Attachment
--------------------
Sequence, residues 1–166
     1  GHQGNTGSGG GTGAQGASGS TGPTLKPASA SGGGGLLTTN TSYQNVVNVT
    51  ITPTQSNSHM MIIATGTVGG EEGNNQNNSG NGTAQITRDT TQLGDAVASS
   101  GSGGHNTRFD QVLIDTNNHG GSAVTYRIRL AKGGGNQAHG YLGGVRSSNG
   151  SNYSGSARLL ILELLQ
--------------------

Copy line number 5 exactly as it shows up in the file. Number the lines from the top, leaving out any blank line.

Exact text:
   151  SNYSGSARLL ILELLQ